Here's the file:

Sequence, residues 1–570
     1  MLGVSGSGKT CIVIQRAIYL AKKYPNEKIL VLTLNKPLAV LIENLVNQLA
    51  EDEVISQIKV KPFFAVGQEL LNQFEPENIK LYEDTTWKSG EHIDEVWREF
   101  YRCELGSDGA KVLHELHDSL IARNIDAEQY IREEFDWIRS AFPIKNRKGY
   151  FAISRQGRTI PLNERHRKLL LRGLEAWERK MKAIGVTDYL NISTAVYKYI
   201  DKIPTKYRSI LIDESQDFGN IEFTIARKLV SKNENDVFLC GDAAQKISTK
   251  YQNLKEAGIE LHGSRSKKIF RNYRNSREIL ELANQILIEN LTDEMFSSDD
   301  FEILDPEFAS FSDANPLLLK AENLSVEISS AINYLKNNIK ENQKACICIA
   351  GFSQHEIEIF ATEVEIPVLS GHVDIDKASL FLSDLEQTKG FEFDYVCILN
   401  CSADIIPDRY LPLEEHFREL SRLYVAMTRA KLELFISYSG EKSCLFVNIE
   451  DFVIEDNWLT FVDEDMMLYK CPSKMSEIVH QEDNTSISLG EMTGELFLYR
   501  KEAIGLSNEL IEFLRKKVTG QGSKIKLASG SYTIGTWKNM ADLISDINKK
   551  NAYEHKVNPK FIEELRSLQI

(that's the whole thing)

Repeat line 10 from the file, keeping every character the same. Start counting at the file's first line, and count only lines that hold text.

   401  CSADIIPDRY LPLEEHFREL SRLYVAMTRA KLELFISYSG EKSCLFVNIE